Another admin, Kephir, is harassing me. He removed comments I made on another user's talk page, here and here. When I asked him not to do that, he deleted the message on my talk page, claiming it was vandalism here. There are many other instances of harassment of me by this editor. Could you PLEASE get him to stop? Purplebackpack89 22:18, 18 November 2014 (UTC)

Template l[edit]

Hi Angr, I am asking this out of curiosity. I noticed your changes at vág. I think I understand the reason to add {l|hu} to entries that are common with multiple languages. It will jump to the specified language. But what is the significance of adding it to phrases such as vág az esze, mint a borotva, where no other language is expected ever? It just unnecessarily increases the number of templates on a page. --Panda10 (talk) 21:33, 23 November 2014 (UTC)

Using {{l}} tells the HTML code what language the words are written, which is useful for a variety of reasons, such as user-specific formatting (if you want, you can tell your CSS page to put all Hungarian words in green text, or boldface, or blinking) and letting screen readers for the blind know what language they need to be reading in. It's not only about linking to the right section of the page. —Aɴɢʀ (talk) 20:20, 24 November 2014 (UTC)
I see. However, the functions you mentioned would be completely useful only if {{l}} would be applied to all linked words in all entries. Otherwise, it remains a partial solution. --Panda10 (talk) 22:01, 24 November 2014 (UTC)
That is the end goal, but it will take a long time. We'll never get there if we don't start, though. —CodeCat 22:46, 24 November 2014 (UTC)

Template:h-prothesis of[edit]

I reverted your edits as a precaution because they caused module errors in 4 entries . Once I looked at other entries, though, I realized what was wrong (missing lang parameters), fixed the 4 entries and restored your edits. You need to update the documentation, though, so contributors aren't left wondering why they're getting an error that says {{{lang}}} isn't a valid language code, when they followed the example exactly. Chuck Entz (talk) 04:46, 28 December 2014 (UTC)

Done. Thanks for your help! —Aɴɢʀ (talk) 13:40, 28 December 2014 (UTC)

Sorbian verbs at Proto-Slavic *vitati[edit]

Did you somehow screw up the ordering of the Sorbian verbs at Proto-Slavic *vitati? You could revert my edit if you want to. --Lo Ximiendo (talk) 22:55, 4 January 2015 (UTC)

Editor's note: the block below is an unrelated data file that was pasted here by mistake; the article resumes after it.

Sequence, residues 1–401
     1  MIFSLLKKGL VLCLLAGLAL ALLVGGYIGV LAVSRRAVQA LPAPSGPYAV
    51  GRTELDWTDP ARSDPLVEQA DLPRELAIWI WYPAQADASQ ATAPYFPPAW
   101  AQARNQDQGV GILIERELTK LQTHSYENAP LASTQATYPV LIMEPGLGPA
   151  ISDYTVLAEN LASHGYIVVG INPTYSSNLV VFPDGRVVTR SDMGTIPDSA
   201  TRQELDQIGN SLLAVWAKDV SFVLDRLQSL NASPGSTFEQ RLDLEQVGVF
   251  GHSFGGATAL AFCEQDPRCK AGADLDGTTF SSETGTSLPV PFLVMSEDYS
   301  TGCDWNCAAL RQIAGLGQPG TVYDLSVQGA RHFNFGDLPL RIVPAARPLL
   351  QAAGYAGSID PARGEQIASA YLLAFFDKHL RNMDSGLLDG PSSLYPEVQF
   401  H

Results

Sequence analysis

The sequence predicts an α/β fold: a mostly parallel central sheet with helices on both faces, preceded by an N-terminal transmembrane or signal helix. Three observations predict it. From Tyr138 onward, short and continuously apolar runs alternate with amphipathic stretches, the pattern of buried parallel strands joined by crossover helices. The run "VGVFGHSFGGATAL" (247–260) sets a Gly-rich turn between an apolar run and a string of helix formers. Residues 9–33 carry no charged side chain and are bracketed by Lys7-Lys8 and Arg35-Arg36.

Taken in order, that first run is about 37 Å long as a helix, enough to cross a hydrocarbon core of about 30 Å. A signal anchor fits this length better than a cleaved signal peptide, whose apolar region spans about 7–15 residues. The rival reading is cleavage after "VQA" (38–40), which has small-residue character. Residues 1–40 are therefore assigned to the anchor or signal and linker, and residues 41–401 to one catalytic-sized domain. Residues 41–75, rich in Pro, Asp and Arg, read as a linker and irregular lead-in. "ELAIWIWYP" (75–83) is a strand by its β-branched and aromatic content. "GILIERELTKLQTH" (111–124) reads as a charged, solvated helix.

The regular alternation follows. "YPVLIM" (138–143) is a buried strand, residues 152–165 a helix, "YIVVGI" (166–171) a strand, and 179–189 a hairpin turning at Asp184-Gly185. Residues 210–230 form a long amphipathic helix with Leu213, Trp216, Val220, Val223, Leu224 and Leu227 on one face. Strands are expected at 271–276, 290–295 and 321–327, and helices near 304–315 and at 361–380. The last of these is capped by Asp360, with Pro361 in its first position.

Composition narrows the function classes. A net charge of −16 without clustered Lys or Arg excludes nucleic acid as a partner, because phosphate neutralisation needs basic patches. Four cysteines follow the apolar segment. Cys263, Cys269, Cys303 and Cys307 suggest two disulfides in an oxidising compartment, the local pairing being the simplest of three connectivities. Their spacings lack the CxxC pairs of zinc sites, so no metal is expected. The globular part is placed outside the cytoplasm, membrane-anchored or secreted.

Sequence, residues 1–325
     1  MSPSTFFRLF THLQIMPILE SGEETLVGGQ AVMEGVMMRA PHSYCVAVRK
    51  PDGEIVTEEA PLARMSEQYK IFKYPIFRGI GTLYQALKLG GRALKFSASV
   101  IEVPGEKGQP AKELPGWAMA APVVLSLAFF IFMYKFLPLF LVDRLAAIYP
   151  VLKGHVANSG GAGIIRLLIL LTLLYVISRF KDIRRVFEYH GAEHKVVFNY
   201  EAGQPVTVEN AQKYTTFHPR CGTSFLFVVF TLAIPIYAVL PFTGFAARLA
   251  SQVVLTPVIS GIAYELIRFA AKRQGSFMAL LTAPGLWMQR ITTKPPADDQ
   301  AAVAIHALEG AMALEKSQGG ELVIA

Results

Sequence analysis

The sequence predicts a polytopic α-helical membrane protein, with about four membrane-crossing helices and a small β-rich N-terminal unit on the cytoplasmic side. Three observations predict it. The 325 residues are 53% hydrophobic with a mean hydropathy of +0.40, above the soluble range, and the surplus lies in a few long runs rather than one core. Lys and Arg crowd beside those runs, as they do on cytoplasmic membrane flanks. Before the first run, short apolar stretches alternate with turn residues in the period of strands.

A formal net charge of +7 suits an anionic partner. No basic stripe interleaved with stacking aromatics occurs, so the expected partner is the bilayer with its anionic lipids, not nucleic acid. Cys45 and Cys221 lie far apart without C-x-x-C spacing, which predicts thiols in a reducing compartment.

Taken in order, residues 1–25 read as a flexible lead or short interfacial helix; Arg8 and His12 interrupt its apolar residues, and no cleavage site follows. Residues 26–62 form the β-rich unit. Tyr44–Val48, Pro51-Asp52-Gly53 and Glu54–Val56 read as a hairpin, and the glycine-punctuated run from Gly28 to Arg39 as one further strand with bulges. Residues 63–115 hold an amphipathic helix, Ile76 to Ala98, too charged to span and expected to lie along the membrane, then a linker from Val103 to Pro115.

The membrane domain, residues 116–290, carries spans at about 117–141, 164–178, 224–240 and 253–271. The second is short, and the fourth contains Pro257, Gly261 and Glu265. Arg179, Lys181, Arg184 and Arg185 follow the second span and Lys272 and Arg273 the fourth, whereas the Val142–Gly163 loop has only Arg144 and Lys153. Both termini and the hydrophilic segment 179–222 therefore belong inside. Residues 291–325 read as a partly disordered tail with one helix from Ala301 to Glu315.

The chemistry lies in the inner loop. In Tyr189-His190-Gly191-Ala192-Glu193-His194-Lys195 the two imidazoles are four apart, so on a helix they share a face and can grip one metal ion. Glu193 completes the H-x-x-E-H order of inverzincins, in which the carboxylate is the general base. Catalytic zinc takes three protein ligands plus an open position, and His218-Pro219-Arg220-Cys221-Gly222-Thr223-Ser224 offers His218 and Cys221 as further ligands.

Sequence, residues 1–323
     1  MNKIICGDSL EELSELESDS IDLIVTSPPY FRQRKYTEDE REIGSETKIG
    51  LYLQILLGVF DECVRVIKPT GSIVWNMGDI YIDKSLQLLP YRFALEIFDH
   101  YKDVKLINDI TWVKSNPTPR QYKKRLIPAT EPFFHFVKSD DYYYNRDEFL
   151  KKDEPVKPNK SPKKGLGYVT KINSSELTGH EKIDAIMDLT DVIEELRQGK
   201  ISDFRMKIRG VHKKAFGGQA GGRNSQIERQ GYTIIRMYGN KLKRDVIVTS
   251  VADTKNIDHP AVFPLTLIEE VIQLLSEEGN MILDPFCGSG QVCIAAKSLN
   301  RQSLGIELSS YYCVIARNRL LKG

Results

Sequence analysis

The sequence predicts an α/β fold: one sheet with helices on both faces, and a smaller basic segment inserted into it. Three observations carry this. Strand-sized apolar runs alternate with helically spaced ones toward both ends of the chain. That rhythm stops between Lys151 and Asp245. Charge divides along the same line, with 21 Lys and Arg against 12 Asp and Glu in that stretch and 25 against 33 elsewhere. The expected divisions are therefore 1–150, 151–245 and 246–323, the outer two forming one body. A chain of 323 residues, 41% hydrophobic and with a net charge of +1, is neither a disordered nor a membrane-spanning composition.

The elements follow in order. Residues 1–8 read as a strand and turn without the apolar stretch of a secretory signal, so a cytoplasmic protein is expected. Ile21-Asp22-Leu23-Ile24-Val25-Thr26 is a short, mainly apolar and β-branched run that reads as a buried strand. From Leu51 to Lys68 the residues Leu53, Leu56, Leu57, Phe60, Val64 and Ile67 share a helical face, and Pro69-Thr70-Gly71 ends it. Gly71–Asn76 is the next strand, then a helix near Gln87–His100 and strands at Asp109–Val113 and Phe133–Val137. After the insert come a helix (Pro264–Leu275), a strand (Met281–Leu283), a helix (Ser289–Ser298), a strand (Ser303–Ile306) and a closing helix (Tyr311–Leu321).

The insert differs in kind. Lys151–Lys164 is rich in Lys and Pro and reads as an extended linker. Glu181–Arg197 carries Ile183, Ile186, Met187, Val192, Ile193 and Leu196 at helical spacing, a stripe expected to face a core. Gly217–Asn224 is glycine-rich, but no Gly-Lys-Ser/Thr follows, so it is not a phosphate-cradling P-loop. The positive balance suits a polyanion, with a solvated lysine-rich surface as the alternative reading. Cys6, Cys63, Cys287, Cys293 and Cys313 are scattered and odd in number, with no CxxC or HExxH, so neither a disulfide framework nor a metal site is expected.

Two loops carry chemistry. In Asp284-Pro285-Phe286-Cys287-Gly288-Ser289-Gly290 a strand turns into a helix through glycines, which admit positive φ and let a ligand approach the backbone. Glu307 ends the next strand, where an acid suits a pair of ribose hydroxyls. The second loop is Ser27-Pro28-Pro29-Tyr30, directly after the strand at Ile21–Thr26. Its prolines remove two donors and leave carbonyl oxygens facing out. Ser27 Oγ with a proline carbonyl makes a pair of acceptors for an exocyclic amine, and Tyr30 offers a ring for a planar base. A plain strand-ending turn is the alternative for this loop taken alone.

The two Sorbian words were reversed, but that wasn't my doing. The page was created that way. All I changed was the Czech word. Thanks for correcting it! —Aɴɢʀ (talk) 23:11, 4 January 2015 (UTC)



Maybe if you wrote in complete sentences, with spaces between your words and using standard spellings, people would understand what you were trying to say. —Aɴɢʀ (talk) 10:49, 11 January 2015 (UTC) ipa?

I don't know, sorry, I don't speak Indonesian. My best guess is /ˈbatʃan/. —Aɴɢʀ (talk) 20:47, 17 February 2015 (UTC)

Hey![edit] Tharthan (talk) 16:22, 13 January 2015 (UTC)

Got it, thanks. —Aɴɢʀ (talk) 19:30, 13 January 2015 (UTC)


Hi, could you do me a favor and create a language module for Proto-Arawak using code arw-pro and have it link to Arawakan languages? Alternative names are Proto-Arawakan and Proto-Maipuran. Thanks for your help!--Victar (talk) 09:32, 20 January 2015 (UTC)

Sorry, I'm not the person to ask. I have no idea how to edit modules. —Aɴɢʀ (talk) 10:38, 20 January 2015 (UTC)
OK, no worries. Thanks though. --Victar (talk) 00:04, 21 January 2015 (UTC)
Maybe if you have a moment though, you can help comment on this discussion? Thanks for your time. --Victar (talk) 00:07, 21 January 2015 (UTC)
I don't really have an opinion on that question. —Aɴɢʀ (talk) 14:01, 21 January 2015 (UTC)
Only naturally you wouldn't have an opinion about the spelling of Taíno either way, but maybe you can speak to the preference of defaulting to academic sources. --Victar (talk) 17:01, 21 January 2015 (UTC)


You might find that WT:AWB (w:WP:AWB) would speed up the process of merging the Norman entries, for the dialects with relatively few entries. It can be instructed to do (semi)automated text replacement of the headers and templates and such. Jèrriais has so many entries that it would seem wiser to do it by bot; you could ask Renard if he could do that; I think he wrote a bot that merged a lot of Serbo-Croatian entries. - -sche (discuss) 20:12, 25 January 2015 (UTC)

Thanks, but that looks too complicated for me. I don't know how to write code. —Aɴɢʀ (talk) 20:15, 25 January 2015 (UTC)
I'm not very good at writing code, either. But AWB doesn't require writing code (though its capabilities are greater if you know a little bit of regex); it's basically an enhanced browser; you just download it and install it and (it has a graphic user interface and you) tell it to make a list of entries in Category:Guernésiais lemmas. Then in the "normal settings" box (in the "options" area... OK, it does have a lot of buttons), tell it to replace ==Guernésiais== with ==Norman==, and {{head|roa-grn| with {{head|nrf|. (But leave out the <nowiki> tags.) Then go over to "start" and start processing the first page on the list; it'll show you a diff of the changes it proposes to make, and you can undo any that don't need doing or make any additional changes that need to be made, and then save the page, and it'll load up the next page from the list. I'm sure there's a more comprehensive walkthrough on Wikipedia. - -sche (discuss) 20:30, 25 January 2015 (UTC)
OK. Do I have to be approved first, or am I automatically approved as an admin? —Aɴɢʀ (talk) 20:34, 25 January 2015 (UTC)